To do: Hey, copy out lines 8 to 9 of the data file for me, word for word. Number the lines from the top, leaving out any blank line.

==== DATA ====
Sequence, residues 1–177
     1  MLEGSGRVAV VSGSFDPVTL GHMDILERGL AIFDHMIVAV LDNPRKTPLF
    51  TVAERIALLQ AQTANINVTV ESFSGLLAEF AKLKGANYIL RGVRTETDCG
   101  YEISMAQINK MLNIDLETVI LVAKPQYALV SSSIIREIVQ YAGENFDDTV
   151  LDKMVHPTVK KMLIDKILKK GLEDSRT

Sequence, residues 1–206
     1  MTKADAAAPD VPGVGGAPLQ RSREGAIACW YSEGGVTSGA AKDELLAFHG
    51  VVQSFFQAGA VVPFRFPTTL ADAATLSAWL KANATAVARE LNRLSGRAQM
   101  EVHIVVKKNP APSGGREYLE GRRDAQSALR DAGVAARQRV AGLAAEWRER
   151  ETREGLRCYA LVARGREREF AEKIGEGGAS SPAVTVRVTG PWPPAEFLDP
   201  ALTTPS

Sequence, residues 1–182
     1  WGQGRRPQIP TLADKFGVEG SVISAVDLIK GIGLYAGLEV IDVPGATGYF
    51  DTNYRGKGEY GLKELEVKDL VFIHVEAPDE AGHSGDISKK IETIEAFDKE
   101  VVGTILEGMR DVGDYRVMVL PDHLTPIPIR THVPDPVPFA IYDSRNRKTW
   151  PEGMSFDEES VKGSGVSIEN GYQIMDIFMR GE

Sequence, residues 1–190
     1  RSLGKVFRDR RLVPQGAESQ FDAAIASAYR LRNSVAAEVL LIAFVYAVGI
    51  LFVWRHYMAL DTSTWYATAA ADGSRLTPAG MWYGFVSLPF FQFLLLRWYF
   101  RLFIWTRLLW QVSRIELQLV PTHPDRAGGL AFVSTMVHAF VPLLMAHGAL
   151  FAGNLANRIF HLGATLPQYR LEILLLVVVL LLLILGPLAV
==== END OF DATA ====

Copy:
    51  VVQSFFQAGA VVPFRFPTTL ADAATLSAWL KANATAVARE LNRLSGRAQM
   101  EVHIVVKKNP APSGGREYLE GRRDAQSALR DAGVAARQRV AGLAAEWRER